A Review on Phytochemicals from Some Medicinal Plants of Bangladesh – Pages 87-95

A Review on Phytochemicals from Some Medicinal Plants of Bangladesh – Pages 87-95
Mohammad A. Kaisar1, Mohammad S. Rahman1, Mohammed Z. Rahman2, Choudhury M. Hasan1and Mohammad A. Rashid1
1Department of Pharmaceutical Chemistry, Faculty of Pharmacy, University of Dhaka, Dhaka-1000, Bangladesh; 2Department of Pharmacy, The University of Asia Pacific, Dhaka-1209, Bangladesh
DOI: http://dx.doi.org/10.6000/1927-5951.2011.01.01.14

Abstract: Natural products, especially those derived from higher plants, have attracted scientists from ancient time because of their potential therapeutic values. Drug development from natural sources showed that natural products or natural product-derived drugs comprised about 28% of all new chemical entities launched to the market. These are originated from terrestrial plants, microbes, marine organisms, etc. However, until recently an insignificant part of the plants has been scientifically evaluated for their medicinal properties. Bangladesh is a rich repository of medicinal plants, many of which are widely used in the Ayurvedic, Unani, herbal and other traditional systems of medicines. In our laboratory, we have extensively investigated over 48 medicinal plants and several microbial strains that have resulted in the isolation and characterization of 133 compounds, including 33 new molecules. Terpenoids, alkaloids, flavonoids and glycosides were the major classes of constituents. The crude extractives and several purified molecules demonstrated statistically significant inhibition of growth of microorganisms. On the other hand, usnic acid obtained from the lichen, Parmelia kamtschandalis, demonstrated even better of inhibition of microbial growth as compared to the standard antimicrobial agents, whereas dehydroaltenusin extracted from a Streptomyces sp. exhibited significant HIV-inhibitory activity.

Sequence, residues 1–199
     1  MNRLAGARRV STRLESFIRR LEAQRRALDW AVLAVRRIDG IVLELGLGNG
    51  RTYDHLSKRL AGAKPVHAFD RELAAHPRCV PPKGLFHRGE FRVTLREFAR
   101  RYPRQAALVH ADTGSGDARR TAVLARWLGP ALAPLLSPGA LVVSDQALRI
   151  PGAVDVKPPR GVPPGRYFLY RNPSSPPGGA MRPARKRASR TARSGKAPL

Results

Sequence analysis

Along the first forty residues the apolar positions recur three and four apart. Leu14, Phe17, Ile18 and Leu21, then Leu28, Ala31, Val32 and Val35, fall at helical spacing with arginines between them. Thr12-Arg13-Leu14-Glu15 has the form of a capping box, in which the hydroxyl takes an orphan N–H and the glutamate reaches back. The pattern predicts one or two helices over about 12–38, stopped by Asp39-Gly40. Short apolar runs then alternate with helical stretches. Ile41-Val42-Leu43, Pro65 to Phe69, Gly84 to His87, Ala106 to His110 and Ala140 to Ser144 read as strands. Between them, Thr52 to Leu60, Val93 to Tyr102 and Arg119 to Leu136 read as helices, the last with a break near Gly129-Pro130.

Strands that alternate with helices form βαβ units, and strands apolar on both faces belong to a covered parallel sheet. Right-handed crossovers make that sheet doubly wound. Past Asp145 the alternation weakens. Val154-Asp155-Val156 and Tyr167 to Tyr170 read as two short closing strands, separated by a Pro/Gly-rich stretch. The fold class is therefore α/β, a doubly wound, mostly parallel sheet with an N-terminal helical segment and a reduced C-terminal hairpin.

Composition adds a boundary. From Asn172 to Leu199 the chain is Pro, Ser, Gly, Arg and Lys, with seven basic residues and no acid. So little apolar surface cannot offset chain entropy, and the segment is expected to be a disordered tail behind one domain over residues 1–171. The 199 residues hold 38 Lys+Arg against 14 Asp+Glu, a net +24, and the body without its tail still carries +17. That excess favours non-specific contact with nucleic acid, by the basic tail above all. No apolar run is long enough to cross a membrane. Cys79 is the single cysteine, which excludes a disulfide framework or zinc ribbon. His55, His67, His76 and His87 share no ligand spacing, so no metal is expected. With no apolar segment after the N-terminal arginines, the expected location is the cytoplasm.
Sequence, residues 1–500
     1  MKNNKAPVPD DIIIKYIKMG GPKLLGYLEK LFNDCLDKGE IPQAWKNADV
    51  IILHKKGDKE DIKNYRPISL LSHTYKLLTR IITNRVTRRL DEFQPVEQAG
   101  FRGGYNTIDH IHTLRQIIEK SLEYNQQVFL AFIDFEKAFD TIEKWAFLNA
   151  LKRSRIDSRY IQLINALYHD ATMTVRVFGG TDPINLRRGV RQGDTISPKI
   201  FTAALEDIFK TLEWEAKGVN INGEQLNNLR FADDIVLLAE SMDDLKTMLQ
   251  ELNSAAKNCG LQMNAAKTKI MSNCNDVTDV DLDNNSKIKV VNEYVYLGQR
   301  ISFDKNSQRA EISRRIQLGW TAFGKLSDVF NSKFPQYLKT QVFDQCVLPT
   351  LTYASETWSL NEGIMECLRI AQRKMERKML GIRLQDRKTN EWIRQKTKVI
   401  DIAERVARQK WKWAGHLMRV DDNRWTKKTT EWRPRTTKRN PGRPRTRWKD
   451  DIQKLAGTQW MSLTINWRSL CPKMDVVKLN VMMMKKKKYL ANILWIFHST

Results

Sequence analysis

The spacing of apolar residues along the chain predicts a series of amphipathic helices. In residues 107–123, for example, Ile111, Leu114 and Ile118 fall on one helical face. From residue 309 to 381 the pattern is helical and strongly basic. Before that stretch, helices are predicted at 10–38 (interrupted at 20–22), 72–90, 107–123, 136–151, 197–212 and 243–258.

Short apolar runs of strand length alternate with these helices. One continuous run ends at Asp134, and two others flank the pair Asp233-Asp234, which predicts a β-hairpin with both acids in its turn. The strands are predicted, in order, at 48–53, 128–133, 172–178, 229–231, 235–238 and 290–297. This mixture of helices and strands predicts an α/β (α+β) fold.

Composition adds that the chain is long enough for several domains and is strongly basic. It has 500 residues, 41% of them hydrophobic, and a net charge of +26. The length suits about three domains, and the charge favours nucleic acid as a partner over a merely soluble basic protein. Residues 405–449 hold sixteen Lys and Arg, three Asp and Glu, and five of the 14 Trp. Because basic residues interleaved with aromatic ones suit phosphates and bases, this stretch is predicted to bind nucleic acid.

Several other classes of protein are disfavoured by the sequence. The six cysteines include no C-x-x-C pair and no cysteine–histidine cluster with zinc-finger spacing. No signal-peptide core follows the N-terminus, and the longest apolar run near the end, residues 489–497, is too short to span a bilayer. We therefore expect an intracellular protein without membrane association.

Pesticides and Associated Impact on Human Health: A Case of Small Farmers in Southern Sindh, Pakistan – Pages 82-86

Pesticides and Associated Impact on Human Health: A Case of Small Farmers in Southern Sindh, Pakistan – Pages 82-86
S.A. Sheikh1, S.M. Nizamani2, A.A. Jamali2and M.I. Kumbhar1
1Sindh Agriculture University, Tandojam-70060, Pakistan and 2NCEAC, University of Sindh, Jamshoro
DOI: http://dx.doi.org/10.6000/1927-5951.2011.01.01.13

Abstract: The unbridled use of pesticides in agriculture sector poses a serious environmental degradation problem besides, being intimately associated with public and workers health hazard. Although the use of pesticides help to considerably control diseases, hence reduce crop losses and result in better yield of the crops. Pesticides are particularly under use to improve production of crops like corn, vegetables, potatoes and cotton, although their unfavourable effects on environmental quality and human health have frequently been reported and well documented. Pesticides mismanagement starts at the local area but always exhibits local and global impacts.with universal dimensions. The study aimed at determining the extent of pesticide use and farmers’ knowledge of the pesticides and their use on the field. One hundred farmers were interviewed concerning pesticides usage patterns from amongst farmers in vegetable production area in Lower Sindh, Pakistan. Information was obtained through structured Questionnaire coupled with personal interviews. The results revealed that 27 different pesticides were used by farmers and majority of pesticides were insecticides. All pesticides used were registered by Government of Pakistan. Toxicity class of majority pesticides belonged to Class-II, which WHO classifies as moderately hazardous and one highly hazardous pesticide with the class- Ib was also being used. Okra and tomato were more affected by the insect pests. Majority of farmers relied on nicotinoid and organophosphate groups of pesticides. A considerable number of farmers had received education at middle school level only. The source of farmers knowledge of pesticide use was the pesticides dealer who advised them when to spray the crops (s). Half of farmers had no safety protection gears/tools during pesticide application and vegetable harvesting. The survey has shown some overuse, misuse and abuse of pesticides. Farmers were not aware of pesticide hazards and they lacked appropriate knowledge on safe handling and use of pesticides, which can be attributed to inadequate agriculture extension services and state of art trainings to the farmers at their door steps along with lack of education. Since these pesticides were being traditionally used by the farmers in the near by fields and on the same fields with out their deleterious effect knowledge to the farmers, soil and environment combined together as most of the farmers were not educated but also ill equipped about the knowledge of the kind/type of pesticide being used/sprayed what to talk of its chemical nature leading to harmful effects.Keywords: Pesticide, farmers, vegetables